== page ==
The Piano Lesson and The Odd Couple
Also see Nancy's review of Copenhagen
Like so many of Wilson's plays, The Piano Lesson is suffused with themes of mysticism, history and family legacy. In this case, the legacy is symbolized by a piano that Berniece keeps in her Pittsburgh home in 1936, never even allowing it to be played. Her brother, Boy Willie, arrives from Mississippi, intending to sell the piano so he can buy farmland. To Boy Willie, the piano is just an asset to be disposed of in order to further his ambitions. But this isn't just any piano; it's carved with images of the family's roots in slavery. "All of that is in the past," says Boy Willie dismissively. But to Berniece, and to August Wilson, the past is present - it's something we can never escape. And the resolution comes not in a spat between siblings but in a showdown against a most unexpected force.
The Piano Lesson runs three hours, and at times it feels a little padded. Yet moments that seem unrelated to the plot - a few touches of light comedy, a forceful musical interlude for the men - all add up to give the characters added dimension. There are plenty of disagreements between the characters, but everyone seems sympathetic and reasonable. And, thanks to Dallas' graceful direction, the production never stoops to cheap laughs in the comedy scenes - every moment feels natural and essential.
Dallas also secures wonderful performances out of his cast, notably Kes Khemnu, who is forceful and spellbinding as Boy Willie, and Kala Moses Baxter as Berniece, the dignified heart of the show. Baxter was a late addition to the cast, arriving just a few days before the premiere - but you'd never know it from her flawless performance. Berniece's dispute with her brother is not her only conflict; she's also torn between the spiritual and the carnal, as epitomized here by the two men who pursue her - preacher Avery (Brian Anthony Wilson, warm and likable) and her brother's sidekick Lymon (Yaegel T. Welch, funny and dangerously charismatic). Julian Rozzell, Jr. is excellent as Berniece's plainspoken uncle Doaker, as is Harum Ulmer, Jr. as a family friend who has his own reasons for not wanting to let go of the past.
Despite its length, the Arden's production of The Piano Lesson makes you want to spend more time in the company of this family. Wilson's characters are flawed yet endearing, and the story is deep and compelling; all of those qualities come through in this elegant and beautiful production.
The Piano Lesson runs through April 13, 2008 at the Arden Theatre Company, 40 North Second Street. Ticket prices range from $27 to $45 (with group discounts available) and may be purchased by calling the Arden Box Office at 215-922-1122, online at www.ardentheartre.org or by visiting the box office.
Photo: Mark Garvin
The Broadway revival two seasons ago earned bigger laughs, and not just because it had big stars (Nathan Lane and Matthew Broderick). Director Joe Mantello let his actors pause after nearly every line for the audience to laugh - and the laughter came nearly every time. But at the Walnut, director Bill Van Horn barely lets his actors pause for just a breath before they go on to the next line. If a line gets a laugh, that just means the laughter drowns out the next line. The production would be better if Van Horn trusted the material to win over the audience.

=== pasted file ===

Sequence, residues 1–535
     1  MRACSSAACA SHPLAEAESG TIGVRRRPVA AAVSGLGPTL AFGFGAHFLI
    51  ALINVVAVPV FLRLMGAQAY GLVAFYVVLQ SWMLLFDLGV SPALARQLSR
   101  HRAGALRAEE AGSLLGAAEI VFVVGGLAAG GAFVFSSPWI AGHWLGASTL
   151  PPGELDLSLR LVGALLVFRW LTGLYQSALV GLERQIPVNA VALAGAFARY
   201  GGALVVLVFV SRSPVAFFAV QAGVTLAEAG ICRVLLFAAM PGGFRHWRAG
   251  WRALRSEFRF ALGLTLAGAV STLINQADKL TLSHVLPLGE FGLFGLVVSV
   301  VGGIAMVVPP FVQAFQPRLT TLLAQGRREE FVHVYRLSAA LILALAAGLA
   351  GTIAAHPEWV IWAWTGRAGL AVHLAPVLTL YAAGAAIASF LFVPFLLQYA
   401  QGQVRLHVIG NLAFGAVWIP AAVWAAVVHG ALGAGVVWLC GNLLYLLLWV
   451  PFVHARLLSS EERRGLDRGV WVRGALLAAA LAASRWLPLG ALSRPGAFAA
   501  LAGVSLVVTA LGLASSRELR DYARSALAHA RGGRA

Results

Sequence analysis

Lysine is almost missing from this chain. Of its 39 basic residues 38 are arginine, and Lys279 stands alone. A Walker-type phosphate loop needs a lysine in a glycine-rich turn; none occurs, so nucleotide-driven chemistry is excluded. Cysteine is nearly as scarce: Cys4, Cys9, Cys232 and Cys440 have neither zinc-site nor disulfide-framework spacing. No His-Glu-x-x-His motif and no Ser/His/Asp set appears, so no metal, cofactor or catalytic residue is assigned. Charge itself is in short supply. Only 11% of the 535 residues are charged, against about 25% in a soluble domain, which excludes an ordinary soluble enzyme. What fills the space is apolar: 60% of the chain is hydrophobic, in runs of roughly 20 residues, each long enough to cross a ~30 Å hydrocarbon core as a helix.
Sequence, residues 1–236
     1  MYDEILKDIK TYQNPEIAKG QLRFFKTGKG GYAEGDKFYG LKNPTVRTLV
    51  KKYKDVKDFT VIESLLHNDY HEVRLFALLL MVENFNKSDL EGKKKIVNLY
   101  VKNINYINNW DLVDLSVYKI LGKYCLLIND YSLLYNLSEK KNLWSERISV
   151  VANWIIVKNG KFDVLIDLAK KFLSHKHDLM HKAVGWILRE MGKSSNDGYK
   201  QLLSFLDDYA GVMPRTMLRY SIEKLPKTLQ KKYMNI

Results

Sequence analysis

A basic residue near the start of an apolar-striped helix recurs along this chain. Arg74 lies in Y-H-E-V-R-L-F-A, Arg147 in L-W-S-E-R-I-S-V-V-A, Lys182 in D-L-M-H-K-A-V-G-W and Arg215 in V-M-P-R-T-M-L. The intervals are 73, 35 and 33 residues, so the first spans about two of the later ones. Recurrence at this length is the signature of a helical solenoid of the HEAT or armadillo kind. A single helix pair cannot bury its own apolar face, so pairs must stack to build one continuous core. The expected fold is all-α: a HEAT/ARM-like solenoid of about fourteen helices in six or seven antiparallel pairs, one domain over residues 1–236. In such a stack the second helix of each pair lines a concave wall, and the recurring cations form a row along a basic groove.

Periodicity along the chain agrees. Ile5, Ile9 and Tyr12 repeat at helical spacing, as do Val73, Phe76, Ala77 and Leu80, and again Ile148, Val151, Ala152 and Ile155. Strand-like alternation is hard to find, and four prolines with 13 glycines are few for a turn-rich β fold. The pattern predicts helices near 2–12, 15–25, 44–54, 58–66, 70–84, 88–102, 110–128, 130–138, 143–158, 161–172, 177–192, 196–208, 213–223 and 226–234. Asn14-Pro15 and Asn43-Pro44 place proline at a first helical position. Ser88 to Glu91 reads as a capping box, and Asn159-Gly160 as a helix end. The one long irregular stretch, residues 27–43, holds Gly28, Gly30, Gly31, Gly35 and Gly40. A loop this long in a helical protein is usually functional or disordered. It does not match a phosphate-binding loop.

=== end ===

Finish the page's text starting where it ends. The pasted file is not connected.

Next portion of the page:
It would also be better with a different Oscar and Felix. As the unrepentant slob Oscar Madison, Avi Hoffman isn't bad, but with his soft voice and lackadaisical manner, he never quite commands the stage the way Oscar should. As for Gary Marachek's Felix Ungar, a friend who came with me put it best when he said that Marachek turned this into an Odd Couple with "two Oscars." Marachek is disheveled, frantic and blustery; he never seems convincing as the tidy, neurotic neat freak in Simon's script. (Some of the script's descriptions of Felix, like "He's the only man in the world with clenched hair," just don't fit Marachek.) The rapport between the two actors is unusually muted; their arguments are a little too civil.
Fortunately, Simon's script holds up - it says a lot about human nature, and the jokes still ring true - so even a sub-par odd couple doesn't sink this Odd Couple. And Van Horn gets solid, broad performances from his supporting cast, especially Madi DeStefano and Leah Walton as the Pigeon Sisters. The act two scene in which the sisters have an ill-fated dinner date with Felix and Oscar is the production's highlight - it's the only time the tempo slows down enough to let the script and the actors work their magic. And Oscar's poker buddies are so strong (and strong-voiced) that they threaten to overpower Oscar at times. There's particularly good work from Michael Serratore as the increasingly anxious Murray, and from Jeffrey Coon as the uptight Vinnie. Coon works so hard (and well) at being a nerd that it almost seems like he's auditioning for the role of Felix. Too bad he didn't get the part.
There are no surprises here - but who goes to see The Odd Couple for surprises? Go to see it to have a pleasant night out - and you'll find that even with miscast stars and pacing that's sloppier than Oscar Madison himself, an imperfect Odd Couple is better than none.
The Odd Couple runs through April 27, 2008 at the Walnut Street Theatre, 825 Walnut Street, Philadelphia. Ticket prices range from $10 to $57.50, and are available by calling the box office at 215-574-3550, online at www.walnutstreettheatre.org or www.ticketmaster.com, or by visiting the box office.
Photo: Brett Thomas